In January, your garden may well need protecting from frosts, gale-force winds, and heavy rain. Check stakes, ties, fleeces and other supports for damage and consider moving plants to sunnier positions to maximize light. Don’t forget to keep feeding the birds; food is scarce for them over winter and don’t be fooled if they look fat, that’s because they fluff up their feathers to keep warm.
Things to do…
Flowers – Now is the perfect time to sow some seeds in a heated greenhouse or propagator to provide early plants these could be: Begonia, Lobelia, Salvia, and Pelargonium
Start cutting back grasses and other perennials left for winter interest.
Root cuttings can be taken now. Papaver (perennial poppies), Verbascum (mullein), Acanthus and Phlox are suitable examples.
In mild areas, and during dry spells, you can still lift and divide herbaceous perennials. This will increase stocks, and revive tired or poorly flowering clumps.
Stock up on store cupboard items such as string, stakes, and canes for use later in the year.
Greenhouse – Even in mild areas, tender plants that cannot be left outside with protection should really be taken into the greenhouse or conservatory by the beginning of this month. In cold areas, you are best moving things inside much earlier, in the autumn.
Remove any snow from greenhouse and conservatory roofs, to prevent damage to the glass and frames, this will also allow good light penetration.
Clear leaves and twigs from guttering on greenhouses and sheds.
Trees and shrubs – Packing the branches of tender deciduous trees and shrubs with straw or bracken, and securing this with fleece and ties, will protect them from frost as this will inevitably be coming if it has not done so already.
Lawns – If the weather is mild you can lay a new turf or repair hollows and bumps in an existing lawn, it’s even a good time to repair and re-shape lawn edges if necessary.
Mole activity will increase in January and February due to mating and nest (fortress) building. Remove the largest hills and re-firm before overseeding in spring.
Ponds– Monitor the water level of your pond, as hard frosts can cause defects in the liner and in concrete structures. If the water level drops considerably, then it may have developed a leak. Be sure to keep it topped up until repairs can be carried out in the spring.
Structures – Put lagging around outdoor taps to prevent freezing and to enable use throughout the winter.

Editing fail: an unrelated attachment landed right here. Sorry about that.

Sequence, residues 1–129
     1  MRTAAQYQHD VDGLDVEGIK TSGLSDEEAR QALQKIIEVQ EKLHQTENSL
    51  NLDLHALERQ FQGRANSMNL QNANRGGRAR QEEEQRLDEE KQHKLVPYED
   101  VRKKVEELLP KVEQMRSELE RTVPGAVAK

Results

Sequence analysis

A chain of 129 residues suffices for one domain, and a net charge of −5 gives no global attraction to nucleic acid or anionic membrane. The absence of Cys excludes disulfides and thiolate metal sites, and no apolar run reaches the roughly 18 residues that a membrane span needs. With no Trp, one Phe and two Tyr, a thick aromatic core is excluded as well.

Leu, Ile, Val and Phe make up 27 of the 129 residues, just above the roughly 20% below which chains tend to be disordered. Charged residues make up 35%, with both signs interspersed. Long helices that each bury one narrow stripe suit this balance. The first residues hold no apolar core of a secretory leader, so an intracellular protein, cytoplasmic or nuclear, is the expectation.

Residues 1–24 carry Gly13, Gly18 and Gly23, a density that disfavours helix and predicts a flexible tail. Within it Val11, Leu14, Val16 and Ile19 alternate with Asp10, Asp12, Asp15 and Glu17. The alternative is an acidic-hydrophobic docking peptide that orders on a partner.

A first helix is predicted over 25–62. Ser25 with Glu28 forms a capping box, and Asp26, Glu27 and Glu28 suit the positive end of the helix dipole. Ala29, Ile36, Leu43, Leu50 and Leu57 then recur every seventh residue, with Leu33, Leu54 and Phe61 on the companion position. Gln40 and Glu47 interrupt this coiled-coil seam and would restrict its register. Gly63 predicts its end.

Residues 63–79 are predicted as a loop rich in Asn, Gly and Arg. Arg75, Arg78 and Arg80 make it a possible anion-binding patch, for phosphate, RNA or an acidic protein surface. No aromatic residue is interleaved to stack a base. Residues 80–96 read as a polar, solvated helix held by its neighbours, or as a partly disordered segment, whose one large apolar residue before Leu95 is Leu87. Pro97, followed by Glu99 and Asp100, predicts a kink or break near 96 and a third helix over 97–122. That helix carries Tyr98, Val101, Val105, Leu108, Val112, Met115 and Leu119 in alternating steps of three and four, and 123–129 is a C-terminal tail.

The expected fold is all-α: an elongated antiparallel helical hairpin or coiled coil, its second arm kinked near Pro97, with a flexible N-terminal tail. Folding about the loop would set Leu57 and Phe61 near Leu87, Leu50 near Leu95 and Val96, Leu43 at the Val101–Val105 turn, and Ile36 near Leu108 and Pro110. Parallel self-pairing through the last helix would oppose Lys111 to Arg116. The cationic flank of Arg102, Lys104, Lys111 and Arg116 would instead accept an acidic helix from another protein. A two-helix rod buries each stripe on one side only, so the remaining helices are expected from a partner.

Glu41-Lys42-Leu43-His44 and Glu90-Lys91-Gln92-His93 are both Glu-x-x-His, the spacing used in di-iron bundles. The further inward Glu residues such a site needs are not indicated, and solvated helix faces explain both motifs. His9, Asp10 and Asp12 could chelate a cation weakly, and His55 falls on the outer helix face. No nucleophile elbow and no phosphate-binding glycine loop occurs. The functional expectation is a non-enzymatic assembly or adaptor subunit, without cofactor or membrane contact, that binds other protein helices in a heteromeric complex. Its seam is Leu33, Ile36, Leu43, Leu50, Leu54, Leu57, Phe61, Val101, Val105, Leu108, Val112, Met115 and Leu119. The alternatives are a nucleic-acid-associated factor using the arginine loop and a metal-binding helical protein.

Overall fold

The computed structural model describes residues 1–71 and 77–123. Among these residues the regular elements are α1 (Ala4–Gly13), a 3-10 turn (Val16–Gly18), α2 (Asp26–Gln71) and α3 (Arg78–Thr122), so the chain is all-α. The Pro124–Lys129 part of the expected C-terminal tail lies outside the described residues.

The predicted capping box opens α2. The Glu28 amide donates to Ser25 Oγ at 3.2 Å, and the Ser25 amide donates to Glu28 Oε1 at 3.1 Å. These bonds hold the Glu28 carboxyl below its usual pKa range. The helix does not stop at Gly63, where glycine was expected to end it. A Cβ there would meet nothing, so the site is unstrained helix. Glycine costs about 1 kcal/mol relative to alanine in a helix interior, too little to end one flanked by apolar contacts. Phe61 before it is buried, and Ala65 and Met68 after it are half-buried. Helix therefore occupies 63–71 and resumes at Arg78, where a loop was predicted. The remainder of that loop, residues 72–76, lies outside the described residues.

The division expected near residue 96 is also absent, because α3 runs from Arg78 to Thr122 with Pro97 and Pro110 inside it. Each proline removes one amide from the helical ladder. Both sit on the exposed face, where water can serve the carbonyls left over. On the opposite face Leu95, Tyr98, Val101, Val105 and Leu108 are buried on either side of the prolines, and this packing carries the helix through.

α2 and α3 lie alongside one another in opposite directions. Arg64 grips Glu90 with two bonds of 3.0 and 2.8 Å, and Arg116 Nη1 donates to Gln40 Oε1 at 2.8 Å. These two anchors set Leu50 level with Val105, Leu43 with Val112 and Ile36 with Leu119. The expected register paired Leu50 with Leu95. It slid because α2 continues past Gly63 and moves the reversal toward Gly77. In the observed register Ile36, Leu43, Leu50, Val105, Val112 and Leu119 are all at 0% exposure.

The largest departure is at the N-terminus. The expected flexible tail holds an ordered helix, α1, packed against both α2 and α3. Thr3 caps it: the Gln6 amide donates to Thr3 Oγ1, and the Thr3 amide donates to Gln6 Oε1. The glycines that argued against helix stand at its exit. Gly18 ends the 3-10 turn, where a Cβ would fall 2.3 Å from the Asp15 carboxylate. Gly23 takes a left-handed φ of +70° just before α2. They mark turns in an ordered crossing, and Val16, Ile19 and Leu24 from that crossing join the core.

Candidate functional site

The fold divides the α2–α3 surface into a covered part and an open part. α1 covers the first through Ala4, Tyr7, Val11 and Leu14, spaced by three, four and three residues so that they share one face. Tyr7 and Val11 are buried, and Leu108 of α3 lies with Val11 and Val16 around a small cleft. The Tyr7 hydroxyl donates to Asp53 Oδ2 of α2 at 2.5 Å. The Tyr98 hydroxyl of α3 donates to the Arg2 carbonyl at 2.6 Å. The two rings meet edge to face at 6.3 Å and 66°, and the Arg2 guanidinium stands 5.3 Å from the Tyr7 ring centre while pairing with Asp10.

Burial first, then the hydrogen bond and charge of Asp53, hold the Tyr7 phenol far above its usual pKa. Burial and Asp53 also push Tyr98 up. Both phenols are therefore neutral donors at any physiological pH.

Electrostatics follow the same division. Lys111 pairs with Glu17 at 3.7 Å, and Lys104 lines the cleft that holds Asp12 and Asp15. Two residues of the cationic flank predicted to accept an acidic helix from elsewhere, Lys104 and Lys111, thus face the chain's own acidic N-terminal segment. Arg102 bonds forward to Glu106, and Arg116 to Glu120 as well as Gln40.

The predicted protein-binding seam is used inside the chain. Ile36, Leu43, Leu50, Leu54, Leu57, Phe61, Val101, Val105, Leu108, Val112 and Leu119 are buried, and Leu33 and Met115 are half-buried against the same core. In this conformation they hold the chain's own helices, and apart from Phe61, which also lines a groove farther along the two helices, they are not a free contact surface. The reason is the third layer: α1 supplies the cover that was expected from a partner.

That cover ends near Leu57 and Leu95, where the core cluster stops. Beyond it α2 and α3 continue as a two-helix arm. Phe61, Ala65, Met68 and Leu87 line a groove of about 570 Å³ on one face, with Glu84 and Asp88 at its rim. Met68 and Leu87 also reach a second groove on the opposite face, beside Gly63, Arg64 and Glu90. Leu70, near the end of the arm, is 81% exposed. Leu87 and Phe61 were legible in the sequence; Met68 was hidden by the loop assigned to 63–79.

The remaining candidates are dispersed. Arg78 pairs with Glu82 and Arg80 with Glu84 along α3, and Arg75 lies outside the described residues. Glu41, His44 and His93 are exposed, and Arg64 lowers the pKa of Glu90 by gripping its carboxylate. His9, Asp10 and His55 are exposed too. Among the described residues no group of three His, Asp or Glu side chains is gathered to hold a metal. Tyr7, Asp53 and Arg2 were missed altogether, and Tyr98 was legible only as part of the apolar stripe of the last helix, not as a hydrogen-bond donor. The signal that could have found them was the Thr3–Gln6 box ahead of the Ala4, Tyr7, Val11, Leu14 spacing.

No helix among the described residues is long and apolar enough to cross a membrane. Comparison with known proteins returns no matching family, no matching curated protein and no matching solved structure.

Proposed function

Recycling– Recycle your Christmas tree by shredding it for mulch for the garden.
Looking for a garden project for the New Year? Check out your local Community Wood Recycling social enterprise they will generally stock a wide range of good quality, competitively priced recycled wood for all your DIY and building needs. Their aim is to prevent valuable resources from being wasted. Partners such as the eco-conscious housebuilder Barratt Homes is committed to ensuring the environmental impact of their sites is kept to a minimum and has become a great supporter of wood recycling. The award-winning scheme reuses the wood waste for DIY for building projects, transforms it into a range of reclaimed-wood products or process it into biomas fuel.
Birds and Wildlife– Gardens can prove a real life-saver for birds at this time of year, especially when it is frosty or snowy. Holly and other berries are a great source of food for birds. Birds will become bolder, venturing into gardens in search of scattered scraps and well-stocked feeders and bird tables so keep putting out food and water for hungry birds.
Fallen apples can still be a good food source, which you can supplement with sliced fruit from the kitchen.
Take care not to disturb creatures hibernating in the corner of a shed, or under vegetation. Leaves, dried stems and the seed heads of flowers provide shelter for over-wintering lacewings, ladybirds and other insects. A pile of fallen branches is likely to have become home to a rich variety of wildlife, even a hedgehog. Instead of having a bonfire, rake rotting branches, grass clippings, and fallen leaves into heaps and leave them to rot down naturally.
Put out log and twig piles made from old prunings and felled trees. These can provide valuable shelter for wildlife and can be made into attractive features by planting up with ferns, primroses, or other suitable plants.
Piles of slabs or rockery stones will act as suitable wildlife habitat, as will old bales of straw, hay or prunings.
Corrugated iron or plastic laid on the soil can provide ‘tunnel’ hiding places for small reptiles and mammals looking for shelter and warmth.